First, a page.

First District Court of Appeal Upholds Use of Class 3 Categorical Exemption for Utility Project in San Francisco

The First District Court of Appeal ordered publication of its opinion upholding San Francisco’s determination that a city-wide utility project was exempt from CEQA under the “Class 3” categorical exemption. The case, San Francisco Beautiful v. City and County of San Francisco (April 20, 2014) ___ Cal.App. ___, was published May 30, 2014.

The challenged project was AT&T’s proposal to install 726 metal utility boxes housing telecommunications equipment on San Francisco sidewalks in order to expand its fiber-optic network. San Francisco approved the project without requiring an EIR, based on its conclusion that the project fell within the “Class 3” categorical exemption described in CEQA Guidelines section 15303. Class 3 establishes exemptions for “[1] construction and location of limited numbers of new, small facilities or structures,” and “[2] installation of small new equipment and facilities in small structures.” (CEQA Guidelines, § 15303.) Among the examples of this exemption are “[w]ater main, sewage, electrical, gas, and other utility extensions, including street improvements, of reasonable length to serve such construction.” (Guidelines, § 15303, subd. (d).)

The petitioners argued that the project was not exempt under clause 1 of the Class 3 exemption because the 726 new structures were not a “limited number,” and that it was not exempt under clause 2 because it involved the construction and location of new structures, rather than the “installation” of equipment in existing small structures. The Court of Appeal disagreed, finding that under clause 2, the terms of the exemption were not limited to the installation of equipment in existing small structures. Rather, it determined that the Class 3 exemption can apply even when new structures are installed or constructed. Based on this determination, the court held that the city’s project fit into the Class 3 exemption. Because it found the project exempt on this basis, the court found it unnecessary to address the “limited number” argument.

The petitioners also claimed that, even if the Class 3 exemption applied, the city was still required to prepare an EIR because exceptions to the exemption applied. Specifically, they argued that the project would have a significant environmental effect due to unusual circumstances and would have cumulative impacts. (See CEQA Guidelines, § 15300.2, subd. (b), (c).) Regarding the unusual circumstances exception, the court determined that the petitioners identified no unusual circumstances relating to placement of the new utility structures in an urbanized area that already housed similar structures. The court also determined that, even if there were unusual circumstances, the petitioners failed to demonstrate that the project would have a significant environmental effect.  Notably, the court rejected the petitioners’ argument that residents’ views on the project’s aesthetic effects constituted evidence of a significant impact sufficient to trigger the need for an EIR.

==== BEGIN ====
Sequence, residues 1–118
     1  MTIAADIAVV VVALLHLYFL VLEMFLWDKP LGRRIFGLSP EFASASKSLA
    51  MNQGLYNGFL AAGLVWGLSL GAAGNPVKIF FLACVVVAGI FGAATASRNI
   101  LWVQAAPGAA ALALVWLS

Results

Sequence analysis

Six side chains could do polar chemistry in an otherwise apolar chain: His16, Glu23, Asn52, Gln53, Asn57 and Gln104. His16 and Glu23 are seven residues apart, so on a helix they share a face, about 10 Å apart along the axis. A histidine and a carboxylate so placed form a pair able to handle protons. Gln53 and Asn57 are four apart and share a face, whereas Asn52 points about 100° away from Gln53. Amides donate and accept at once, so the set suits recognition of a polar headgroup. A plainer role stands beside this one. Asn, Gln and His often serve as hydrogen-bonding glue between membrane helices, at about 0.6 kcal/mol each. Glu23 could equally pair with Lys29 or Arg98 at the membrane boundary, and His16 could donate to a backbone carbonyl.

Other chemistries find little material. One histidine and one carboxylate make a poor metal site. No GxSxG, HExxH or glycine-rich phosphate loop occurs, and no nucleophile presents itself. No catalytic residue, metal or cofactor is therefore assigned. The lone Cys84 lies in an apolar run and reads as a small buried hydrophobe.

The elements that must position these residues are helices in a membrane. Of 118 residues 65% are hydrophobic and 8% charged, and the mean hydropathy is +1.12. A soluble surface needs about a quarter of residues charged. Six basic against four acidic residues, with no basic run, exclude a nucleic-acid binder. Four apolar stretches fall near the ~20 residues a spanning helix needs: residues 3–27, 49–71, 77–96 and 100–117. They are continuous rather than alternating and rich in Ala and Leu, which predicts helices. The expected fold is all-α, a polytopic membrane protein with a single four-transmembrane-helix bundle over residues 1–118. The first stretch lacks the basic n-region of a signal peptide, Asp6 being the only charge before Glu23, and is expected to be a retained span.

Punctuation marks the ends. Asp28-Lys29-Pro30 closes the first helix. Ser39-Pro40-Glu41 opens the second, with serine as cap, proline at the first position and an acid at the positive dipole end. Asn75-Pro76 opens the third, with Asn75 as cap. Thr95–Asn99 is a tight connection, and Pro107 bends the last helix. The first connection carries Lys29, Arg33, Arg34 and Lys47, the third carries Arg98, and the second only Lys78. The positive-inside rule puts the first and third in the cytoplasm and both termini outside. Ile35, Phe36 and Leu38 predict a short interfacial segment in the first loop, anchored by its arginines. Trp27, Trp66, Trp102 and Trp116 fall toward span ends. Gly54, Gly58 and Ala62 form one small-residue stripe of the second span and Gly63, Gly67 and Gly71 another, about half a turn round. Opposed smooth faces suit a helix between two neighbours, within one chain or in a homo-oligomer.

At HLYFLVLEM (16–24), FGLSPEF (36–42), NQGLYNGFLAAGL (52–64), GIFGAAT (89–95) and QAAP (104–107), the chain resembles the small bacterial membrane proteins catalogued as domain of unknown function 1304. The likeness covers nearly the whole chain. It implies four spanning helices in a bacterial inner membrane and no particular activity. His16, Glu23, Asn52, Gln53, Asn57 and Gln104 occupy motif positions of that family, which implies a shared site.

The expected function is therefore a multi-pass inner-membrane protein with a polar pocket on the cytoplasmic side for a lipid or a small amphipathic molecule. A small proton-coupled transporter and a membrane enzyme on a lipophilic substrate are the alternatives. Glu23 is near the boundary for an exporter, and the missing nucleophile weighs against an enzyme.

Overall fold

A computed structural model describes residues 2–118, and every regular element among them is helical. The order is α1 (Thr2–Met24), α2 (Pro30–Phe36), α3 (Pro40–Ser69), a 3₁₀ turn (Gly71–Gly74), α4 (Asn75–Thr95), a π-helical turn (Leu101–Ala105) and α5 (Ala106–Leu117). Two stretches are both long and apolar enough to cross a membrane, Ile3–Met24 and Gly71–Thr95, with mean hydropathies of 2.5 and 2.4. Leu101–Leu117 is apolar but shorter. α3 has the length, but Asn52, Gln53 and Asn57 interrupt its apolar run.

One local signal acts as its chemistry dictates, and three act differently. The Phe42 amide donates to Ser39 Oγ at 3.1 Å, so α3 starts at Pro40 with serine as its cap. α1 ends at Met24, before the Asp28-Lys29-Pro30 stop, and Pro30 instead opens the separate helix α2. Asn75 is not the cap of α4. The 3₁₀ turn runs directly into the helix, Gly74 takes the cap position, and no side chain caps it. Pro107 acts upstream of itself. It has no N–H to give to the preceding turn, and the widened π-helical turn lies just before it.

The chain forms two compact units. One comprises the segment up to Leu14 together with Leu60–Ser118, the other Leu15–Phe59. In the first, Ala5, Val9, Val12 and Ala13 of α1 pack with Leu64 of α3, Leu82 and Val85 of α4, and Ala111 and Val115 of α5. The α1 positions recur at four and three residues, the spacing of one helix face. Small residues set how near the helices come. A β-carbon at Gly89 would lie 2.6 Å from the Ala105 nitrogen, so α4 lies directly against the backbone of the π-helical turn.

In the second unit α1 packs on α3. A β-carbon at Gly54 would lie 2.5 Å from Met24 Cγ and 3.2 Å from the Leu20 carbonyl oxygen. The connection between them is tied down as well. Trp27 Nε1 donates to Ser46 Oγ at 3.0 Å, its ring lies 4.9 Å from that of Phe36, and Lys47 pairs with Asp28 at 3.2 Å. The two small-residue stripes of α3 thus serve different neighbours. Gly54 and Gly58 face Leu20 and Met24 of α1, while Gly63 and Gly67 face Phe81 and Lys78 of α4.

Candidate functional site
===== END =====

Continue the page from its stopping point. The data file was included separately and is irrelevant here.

The court acknowledged that the appropriate standard of review for the “unusual circumstances” exception is an issue currently pending before the Supreme Court (Berkeley Hillside Preservation v. City of Berkeley (S201116, rev. granted May 23, 2012). The court was careful to explain that its decision would be the same under either standard of review (“substantial evidence” or “fair argument”) and, therefore, it was not necessary for the court to determine that issue or any other issues that are before the Supreme Court in Berkeley Hillside.

The court also rejected the applicability of the cumulative impacts exception, explaining that the city did not have to consider the cumulative impact of all similar equipment to be installed throughout the city because the CEQA Guidelines instead limit the cumulative impact exception to successive projects of the same type in the same place. For the purposes of the utility boxes, the court found the “same place” meant the individual locations where the boxes would be placed.

Lastly, the court determined that the city had not improperly relied on mitigation measures in concluding the project was categorically exempt from CEQA. Although the city was required to review the utility cabinets to evaluate their potential to impede travel, inconvenience property owners, or otherwise disturb use of the right-of-way, that review is required by a Public Works Order, which is generally applicable to excavation permits for surface-mounted facilities. According to the court, this was not considered mitigation because an agency may rely on generally applicable regulations to conclude an environmental impact will not be significant and therefore does not require mitigation.